20 JULY 2020


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Article from BTNews 20 JULY 2020

BA’s Boeing Jumbos final curtain

British Airways announced last week, not surprisingly, that the Boeing 747-400 has probably flown its last scheduled commercial service, another casualty of Covid-19.

In truth it has come to its life's end, a dinosaur from an earlier age when fuel was cheap, most airlines offered First Class for those who could afford it, and the upper deck cabin filled up very quickly.

BOAC operated its initial 747 London to New York service on 14 April 1971 and in July 1989 took to the skies with the stretched 747-400, the aircraft type the airline still flies today.

For the next decade the airline took delivery of 56 more of the aircraft, with its final plane delivered in April 1989. At the time, it was the largest passenger aircraft in the sky, and it remained so until the Airbus A380 first flew in 2007.

At one-point British Airways operated 57 747-400s. The original aircraft featured 27 First Class seats and 292 in Economy. Initially, the upper deck, widely described as the bubble, contained a lounge, with lounge chair seating. It was known as the ‘club in the sky’ and the aircraft also played host to the world’s very first flat-bed seat which British Airways pioneered in 1999.

British Airways recently refreshed the interiors of a number of its 747 aircraft which were expected to remain in service for several years to come.

It remains to be seen if BA decides to operate a series of heritage experience flights.  It failed to do so with Concorde, an unpopular decision.  SEE AND FINALLY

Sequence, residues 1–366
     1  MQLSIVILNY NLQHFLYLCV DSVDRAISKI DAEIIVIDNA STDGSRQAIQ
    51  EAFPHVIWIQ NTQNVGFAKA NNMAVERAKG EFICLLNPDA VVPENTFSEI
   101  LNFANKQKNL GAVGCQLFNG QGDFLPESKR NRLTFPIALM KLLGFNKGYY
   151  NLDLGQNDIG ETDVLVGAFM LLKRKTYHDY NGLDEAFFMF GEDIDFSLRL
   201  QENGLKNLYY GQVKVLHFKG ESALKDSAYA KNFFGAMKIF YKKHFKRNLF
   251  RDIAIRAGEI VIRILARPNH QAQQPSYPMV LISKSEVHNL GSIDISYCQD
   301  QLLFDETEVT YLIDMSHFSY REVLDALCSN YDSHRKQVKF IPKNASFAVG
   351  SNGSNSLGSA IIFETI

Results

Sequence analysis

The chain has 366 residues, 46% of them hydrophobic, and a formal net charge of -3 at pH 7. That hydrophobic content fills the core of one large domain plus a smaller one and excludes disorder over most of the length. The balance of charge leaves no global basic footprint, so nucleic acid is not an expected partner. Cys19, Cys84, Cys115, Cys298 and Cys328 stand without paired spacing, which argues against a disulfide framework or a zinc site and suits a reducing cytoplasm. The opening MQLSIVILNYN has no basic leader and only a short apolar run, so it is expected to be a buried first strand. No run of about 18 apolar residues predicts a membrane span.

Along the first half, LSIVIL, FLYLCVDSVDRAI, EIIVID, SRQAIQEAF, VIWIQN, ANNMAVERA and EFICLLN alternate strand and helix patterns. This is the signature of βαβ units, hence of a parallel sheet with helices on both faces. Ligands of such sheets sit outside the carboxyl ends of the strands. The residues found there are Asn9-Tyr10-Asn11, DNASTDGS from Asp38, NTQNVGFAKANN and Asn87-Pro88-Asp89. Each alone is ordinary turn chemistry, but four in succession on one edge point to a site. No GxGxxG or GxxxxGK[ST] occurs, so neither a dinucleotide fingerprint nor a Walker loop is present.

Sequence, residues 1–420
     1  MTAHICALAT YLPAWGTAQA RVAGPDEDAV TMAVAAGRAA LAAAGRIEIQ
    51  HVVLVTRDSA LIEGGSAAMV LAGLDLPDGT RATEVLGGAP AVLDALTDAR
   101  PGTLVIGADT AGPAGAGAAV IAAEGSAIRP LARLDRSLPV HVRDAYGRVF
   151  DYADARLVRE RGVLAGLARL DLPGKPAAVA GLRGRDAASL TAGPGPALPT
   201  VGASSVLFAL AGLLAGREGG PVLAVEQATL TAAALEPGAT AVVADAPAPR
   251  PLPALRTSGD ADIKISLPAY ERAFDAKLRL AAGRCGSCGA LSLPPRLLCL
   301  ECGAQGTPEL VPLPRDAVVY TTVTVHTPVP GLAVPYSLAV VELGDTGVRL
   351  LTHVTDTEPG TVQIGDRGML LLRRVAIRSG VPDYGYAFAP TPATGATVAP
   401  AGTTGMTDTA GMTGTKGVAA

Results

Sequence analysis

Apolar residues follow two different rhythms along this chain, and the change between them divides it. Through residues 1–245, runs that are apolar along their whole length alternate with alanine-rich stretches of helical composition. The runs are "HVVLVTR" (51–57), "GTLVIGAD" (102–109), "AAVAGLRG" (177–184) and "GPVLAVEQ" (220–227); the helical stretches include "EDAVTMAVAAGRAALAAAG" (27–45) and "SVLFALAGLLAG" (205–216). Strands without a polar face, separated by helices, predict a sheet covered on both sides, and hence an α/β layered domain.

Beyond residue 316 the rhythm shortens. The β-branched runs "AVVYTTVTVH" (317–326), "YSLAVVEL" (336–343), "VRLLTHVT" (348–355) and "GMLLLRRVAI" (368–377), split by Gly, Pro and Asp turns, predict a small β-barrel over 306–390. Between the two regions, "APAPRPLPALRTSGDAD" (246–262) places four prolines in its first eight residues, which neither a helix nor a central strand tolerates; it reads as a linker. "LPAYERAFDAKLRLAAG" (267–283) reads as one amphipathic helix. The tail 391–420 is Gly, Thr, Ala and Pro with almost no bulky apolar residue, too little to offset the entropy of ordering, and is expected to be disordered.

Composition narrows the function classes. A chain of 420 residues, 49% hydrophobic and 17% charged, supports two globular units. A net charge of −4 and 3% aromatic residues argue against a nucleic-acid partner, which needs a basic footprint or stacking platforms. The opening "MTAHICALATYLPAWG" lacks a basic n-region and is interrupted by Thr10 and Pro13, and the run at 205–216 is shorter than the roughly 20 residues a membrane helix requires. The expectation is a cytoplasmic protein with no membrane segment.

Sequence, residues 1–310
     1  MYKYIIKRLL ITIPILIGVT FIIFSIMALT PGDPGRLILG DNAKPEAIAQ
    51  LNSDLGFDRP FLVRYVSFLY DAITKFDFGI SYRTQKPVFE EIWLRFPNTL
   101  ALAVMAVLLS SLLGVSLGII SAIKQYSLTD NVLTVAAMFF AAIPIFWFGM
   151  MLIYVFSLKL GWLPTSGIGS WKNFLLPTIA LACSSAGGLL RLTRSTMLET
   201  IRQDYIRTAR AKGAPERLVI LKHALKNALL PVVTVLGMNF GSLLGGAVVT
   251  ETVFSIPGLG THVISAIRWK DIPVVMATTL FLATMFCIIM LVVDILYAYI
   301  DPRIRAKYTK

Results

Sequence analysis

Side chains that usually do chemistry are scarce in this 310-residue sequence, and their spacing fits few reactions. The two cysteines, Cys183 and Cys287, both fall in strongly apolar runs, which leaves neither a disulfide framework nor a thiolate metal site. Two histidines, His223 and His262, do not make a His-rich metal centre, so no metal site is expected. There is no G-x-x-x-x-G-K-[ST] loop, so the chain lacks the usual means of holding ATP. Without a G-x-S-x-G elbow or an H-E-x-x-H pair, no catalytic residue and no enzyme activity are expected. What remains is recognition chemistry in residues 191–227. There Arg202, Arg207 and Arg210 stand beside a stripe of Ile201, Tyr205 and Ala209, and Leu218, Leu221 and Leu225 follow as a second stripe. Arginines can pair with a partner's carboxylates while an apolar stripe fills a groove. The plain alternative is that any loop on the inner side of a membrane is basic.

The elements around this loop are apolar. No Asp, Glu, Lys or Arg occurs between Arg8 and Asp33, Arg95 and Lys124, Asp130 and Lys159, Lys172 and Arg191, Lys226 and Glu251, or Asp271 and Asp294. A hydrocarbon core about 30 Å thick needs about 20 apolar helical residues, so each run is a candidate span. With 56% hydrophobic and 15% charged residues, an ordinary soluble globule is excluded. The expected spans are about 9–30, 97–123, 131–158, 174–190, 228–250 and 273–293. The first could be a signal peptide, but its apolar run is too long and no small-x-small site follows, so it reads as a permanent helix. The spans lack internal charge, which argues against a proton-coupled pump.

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OUR READERS' FINEST WORDS (All times and dates are GMT)

All comments are filtered to exclude any excesses but the Editor does not have to agree with what is being said. 100 words maximum

Allan Schoenherr, Prague, CZ

Apologies but I think there is a typo here: For the next decade the airline took delivery of 56 more of the aircraft, with its final plane delivered in April 1989." I think the last 747-400 was delivered in April 1999? Otherwise great article, thanks again!

Richard Phillips, Alton

Can I add BA initially flew the 136 series with Pratt & Witney power. In my first two years of flying (77-79), I had six engine shutdowns. You speak to modern day pilots and they're horrified. The P & W's were so unreliable. Of course, once the 236 series Rolls Royce powered 747's appeared on the scene, reliability improved but RR engines still had their moments. One thing that has improved during current times is reliability. Yes, sad to see the 747's retired, but a pragmatic decision. Always look forward to Mondays and your excellent news items, thank you.

Richard Phillips, Medstead, ALTON

Malcolm re the Shah ! I overnighted in Tehran three weeks before the Shah was overthrown. I remember the tank parked outside the hotel main entrance & the crew was not allowed out; we were perplexed ! As a young steward, I operated on the 747 100/200 series between 1977 & 1988, so didn't operate on the 400 (I transfered to the flat earth fleet). Best time of my life; great times, great stories. Of course, during the 80's, there was a buzz around BA. Concorde, 747, King & Marshall etc. Fond memories. Richard

franco mancassola, USA

When the fuel was cheap? Now fuel is at its lowest level. Yes, a great aircraft!!

Malcolm Ginsberg, London

Me too please as well. Upstairs. My last BA 747 flight was in the bubble with Mr Walsh downstairs in First

Tim Smith, London

PS. Put me down for a heritage ride please.

Tim Smith, London

Airbus A380 v Boeing 747. Upstairs in both. The Boeing gets my vote. The bar is much nearer on Virgin v Emirates and it is much more exclusive.

Malcolm Ginsberg, London

Wonderful aircraft the Jumbo. My probable first 747-200 flight was First on Iran Air from Heathrow to New York on the actual aircraft that took the Shah’s family out of Tehran. 11 February 1979. Gun guard on the top deck. Linda and I had not a clue what was happening. Came back on QE2.

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